Also, I've noticed that when I take Brimley for a really long walk/run/swim, or have him over at my parent's house where he can play with their dogs, he gets tired out and is much calmer at night. The more exercise the better!
     
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  5. Samantha Jones

    Samantha Jones Supporting Member Forum Supporter

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    Hi Bailey used to do that - although we have always allowed him on the sofa - however he did it (and still on occasion does) jump on us when he wants to play. Particularly with my OH as this will initiate some much loved rough housing play - probably why he doesn't do it to me. To make it slightly easier on myself when he was smaller (he is now 16 months old and 28kgs) I encouraged him to pick up a toy before getting up on the sofa with me - this stalled the biting and nipping - I could fuss and cuddle him and he happily chewed on his toy rather than me!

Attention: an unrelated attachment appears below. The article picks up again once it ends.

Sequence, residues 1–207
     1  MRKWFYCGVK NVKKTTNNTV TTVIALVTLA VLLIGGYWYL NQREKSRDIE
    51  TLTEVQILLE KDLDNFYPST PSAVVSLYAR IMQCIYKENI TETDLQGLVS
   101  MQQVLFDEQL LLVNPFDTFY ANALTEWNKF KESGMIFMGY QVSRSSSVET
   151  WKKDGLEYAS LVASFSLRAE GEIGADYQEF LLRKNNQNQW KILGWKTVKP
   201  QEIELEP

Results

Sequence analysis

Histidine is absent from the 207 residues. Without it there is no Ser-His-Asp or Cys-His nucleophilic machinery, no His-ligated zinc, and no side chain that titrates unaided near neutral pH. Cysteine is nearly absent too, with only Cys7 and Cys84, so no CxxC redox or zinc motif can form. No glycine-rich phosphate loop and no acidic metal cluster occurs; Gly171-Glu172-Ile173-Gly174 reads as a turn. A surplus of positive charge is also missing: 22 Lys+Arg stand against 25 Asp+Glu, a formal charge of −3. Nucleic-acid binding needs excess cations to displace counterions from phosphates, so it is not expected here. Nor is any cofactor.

A rod I have made for my own back is - if Bailey gets into my seat then I have to drop a treat on his bed to get him off the sofa, I then sit down, he eats the treat then gets back up and lays with his head in my lap. My OH on the other hand gives the down cue and down the dog gets....oh well.....
     
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  6. Naya

    Naya Supporting Member Forum Supporter

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    If you don't want the pup on the sofa, use a treat to lure her down, only giving it to her when she's off. Give a cue word at the same time, such as 'off'. You will need to do this consistently as it will take a while for them to learn it.
    @Brimley - It's not advisable to go on really long walks or let them play excessively at this age. All you will end up with is an even fitter dog that needs even more walking as they get older and a dog who always wants to play and won't settle. You can also cause damage to their joints as they are still growing. Doing lots of little training sessions throughout the day will make them more tired.
     
  7. Brimley

    Brimley Registered Users

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    How long of a walk and how much play would you suggest at this age?